Japan wants to boost farm-product exports

Japan should export more high-quality farm produce instead of selling it at home to protect the domestic market from foreign competition, the prime minister said Saturday. Though Japan produces enough rice to feed itself, it now produces only about 40 percent of the other food it consumes, down from 52 percent 20 years ago.

The decline has sparked fears that dependence on imports could make Japan vulnerable to food shortages if supplies are cut due to bad weather, war or a trade blockage. But Prime Minister Junichiro Koizumi said Saturday that Japan should export more of its fruits, vegetables and other agricultural products, known for their high quality and often pleasing appearance, rather than selling its best produce at home with the belief that its superiority will keep consumers away from cheaper foreign goods.

"Japan should export safe and tasty food rather than just importing. Let's change our defensive attitude in farming to a more positive one, and spread the Japanese diet to the world," Koizumi said at a government-sponsored annual food fair.

He said Japan's beef, apples, strawberries and rice are hugely popular among gourmets around the world, and Japan should take advantage of their image, along with growing international interest in the healthiness of the Japanese diet, and in Japanese people's famed longevity.

However, agricultural products can be expensive to produce in wealthy Japan. The country also faces mounting pressure from its trading partners to dismantle government subsidies on farm goods, which critics say inflate food prices even more and keep cheaper foreign products out.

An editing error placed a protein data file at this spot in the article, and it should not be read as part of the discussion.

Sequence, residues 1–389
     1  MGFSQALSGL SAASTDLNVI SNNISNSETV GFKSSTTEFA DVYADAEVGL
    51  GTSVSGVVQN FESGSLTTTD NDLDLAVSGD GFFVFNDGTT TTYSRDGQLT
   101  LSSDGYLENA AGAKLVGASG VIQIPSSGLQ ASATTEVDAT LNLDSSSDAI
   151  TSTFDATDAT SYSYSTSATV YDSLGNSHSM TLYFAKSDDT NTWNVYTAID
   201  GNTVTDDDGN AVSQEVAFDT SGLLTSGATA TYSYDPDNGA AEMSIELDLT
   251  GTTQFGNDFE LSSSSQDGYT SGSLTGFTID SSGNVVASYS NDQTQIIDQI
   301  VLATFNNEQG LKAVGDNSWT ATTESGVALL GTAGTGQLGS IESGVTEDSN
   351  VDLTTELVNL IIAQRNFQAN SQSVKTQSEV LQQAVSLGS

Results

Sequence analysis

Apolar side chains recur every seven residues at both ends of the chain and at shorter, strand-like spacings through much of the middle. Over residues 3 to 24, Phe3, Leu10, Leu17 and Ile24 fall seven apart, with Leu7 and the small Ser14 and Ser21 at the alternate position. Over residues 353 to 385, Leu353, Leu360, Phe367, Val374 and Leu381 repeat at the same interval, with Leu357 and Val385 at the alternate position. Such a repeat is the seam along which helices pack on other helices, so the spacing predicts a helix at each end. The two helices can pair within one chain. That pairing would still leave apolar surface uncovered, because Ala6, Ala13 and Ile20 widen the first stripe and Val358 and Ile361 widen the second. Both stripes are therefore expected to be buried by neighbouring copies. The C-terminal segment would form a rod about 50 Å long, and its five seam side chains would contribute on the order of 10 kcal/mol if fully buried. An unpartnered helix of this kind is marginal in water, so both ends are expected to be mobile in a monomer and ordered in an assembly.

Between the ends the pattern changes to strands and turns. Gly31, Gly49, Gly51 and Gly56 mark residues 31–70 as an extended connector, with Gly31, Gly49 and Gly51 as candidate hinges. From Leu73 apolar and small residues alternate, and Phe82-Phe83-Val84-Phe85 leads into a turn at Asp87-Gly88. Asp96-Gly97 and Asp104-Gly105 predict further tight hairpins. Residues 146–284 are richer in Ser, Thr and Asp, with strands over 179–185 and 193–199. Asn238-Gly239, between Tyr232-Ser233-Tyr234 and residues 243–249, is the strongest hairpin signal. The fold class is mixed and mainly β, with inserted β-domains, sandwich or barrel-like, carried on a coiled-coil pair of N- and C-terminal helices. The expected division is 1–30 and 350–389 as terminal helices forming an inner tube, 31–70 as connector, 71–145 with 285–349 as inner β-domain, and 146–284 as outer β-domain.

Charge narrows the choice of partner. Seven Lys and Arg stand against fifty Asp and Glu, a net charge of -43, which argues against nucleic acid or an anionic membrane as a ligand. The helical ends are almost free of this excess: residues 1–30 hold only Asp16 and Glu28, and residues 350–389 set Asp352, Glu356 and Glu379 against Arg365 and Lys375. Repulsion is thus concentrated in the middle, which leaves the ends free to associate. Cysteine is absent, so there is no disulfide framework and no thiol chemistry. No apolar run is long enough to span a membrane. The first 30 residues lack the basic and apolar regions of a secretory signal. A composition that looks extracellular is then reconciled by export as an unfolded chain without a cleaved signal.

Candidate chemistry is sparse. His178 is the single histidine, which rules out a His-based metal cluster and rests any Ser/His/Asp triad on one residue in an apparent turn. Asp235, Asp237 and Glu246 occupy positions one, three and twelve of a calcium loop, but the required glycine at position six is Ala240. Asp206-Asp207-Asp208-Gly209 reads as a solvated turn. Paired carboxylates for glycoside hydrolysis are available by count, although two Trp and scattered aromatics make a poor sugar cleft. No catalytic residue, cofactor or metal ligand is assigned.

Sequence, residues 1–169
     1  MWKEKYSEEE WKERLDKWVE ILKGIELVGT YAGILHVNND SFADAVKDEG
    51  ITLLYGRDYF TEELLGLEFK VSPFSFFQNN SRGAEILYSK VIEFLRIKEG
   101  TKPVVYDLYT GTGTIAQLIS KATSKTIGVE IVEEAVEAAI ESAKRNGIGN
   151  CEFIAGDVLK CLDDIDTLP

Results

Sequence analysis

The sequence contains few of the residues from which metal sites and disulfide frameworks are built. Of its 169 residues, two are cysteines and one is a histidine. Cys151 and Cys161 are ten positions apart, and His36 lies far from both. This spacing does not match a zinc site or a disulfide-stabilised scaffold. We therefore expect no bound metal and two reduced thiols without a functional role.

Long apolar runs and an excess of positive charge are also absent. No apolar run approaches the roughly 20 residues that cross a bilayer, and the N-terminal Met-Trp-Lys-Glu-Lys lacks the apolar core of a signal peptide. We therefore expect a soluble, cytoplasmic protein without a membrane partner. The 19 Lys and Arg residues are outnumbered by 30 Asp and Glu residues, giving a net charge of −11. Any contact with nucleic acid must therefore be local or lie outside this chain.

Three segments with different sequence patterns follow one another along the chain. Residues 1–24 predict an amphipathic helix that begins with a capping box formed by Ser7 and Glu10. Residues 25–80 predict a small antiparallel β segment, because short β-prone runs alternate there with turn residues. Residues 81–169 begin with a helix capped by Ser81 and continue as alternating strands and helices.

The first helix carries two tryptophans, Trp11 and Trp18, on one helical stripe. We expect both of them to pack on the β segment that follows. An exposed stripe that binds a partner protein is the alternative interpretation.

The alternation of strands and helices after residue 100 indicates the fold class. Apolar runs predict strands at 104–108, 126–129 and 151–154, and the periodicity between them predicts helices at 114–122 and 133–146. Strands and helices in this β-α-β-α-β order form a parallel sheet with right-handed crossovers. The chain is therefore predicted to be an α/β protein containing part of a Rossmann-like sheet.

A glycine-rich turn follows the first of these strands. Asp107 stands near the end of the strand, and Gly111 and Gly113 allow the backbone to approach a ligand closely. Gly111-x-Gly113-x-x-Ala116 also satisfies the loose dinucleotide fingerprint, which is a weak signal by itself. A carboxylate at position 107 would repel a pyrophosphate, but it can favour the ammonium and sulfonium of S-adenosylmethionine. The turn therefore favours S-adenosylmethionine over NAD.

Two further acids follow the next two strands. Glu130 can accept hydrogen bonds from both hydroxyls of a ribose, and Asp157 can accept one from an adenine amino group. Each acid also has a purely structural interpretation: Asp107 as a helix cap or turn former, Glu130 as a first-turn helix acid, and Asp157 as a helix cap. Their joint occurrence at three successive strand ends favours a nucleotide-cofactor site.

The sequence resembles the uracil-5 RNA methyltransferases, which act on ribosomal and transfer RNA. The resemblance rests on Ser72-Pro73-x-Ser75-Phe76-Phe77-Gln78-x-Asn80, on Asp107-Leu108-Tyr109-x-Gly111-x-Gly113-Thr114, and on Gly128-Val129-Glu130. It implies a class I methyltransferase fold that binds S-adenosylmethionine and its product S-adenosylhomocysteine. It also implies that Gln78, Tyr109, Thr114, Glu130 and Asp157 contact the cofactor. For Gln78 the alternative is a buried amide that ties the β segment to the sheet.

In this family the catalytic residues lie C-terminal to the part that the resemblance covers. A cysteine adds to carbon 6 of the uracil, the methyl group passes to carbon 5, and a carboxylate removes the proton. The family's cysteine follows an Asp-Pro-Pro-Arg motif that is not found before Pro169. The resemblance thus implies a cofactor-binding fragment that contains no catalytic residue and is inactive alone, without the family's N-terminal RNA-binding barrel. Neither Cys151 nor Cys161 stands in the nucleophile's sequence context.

The government in recent years has campaigned to promote agricultural products to overseas consumers willing to pay more for Japanese goods' reputation for premium quality, and to take advantage of growing outside interest in the what many believe to be the health benefits of the Japanese diet. Such premium exports include well-known Kobe beef sold to the United States, apples to Taiwan and strawberries to Hong Kong. Demand for them has been rising, according to government statistics. Japan's apple exports to Taiwan surged by more than 13 times between 1999 and 2003, and strawberry exports to Hong Kong has more than tripled in the same time period, Agricultural Ministry figures show.

Also Saturday, Koizumi did his part to address concerns in Japan that an increasingly Westernized diet, with lots of junk food, is producing a growing number of obese children. At the food fair, the slender prime minister demonstrated his cooking skills as he mingled with a group of apron-clad elementary school girls to cook up fried rice. He also had a lunch that included whole-grain rice balls and miso soup, made from fermented soybeans, cooked with wild bore meat, reports the AP. N.U.

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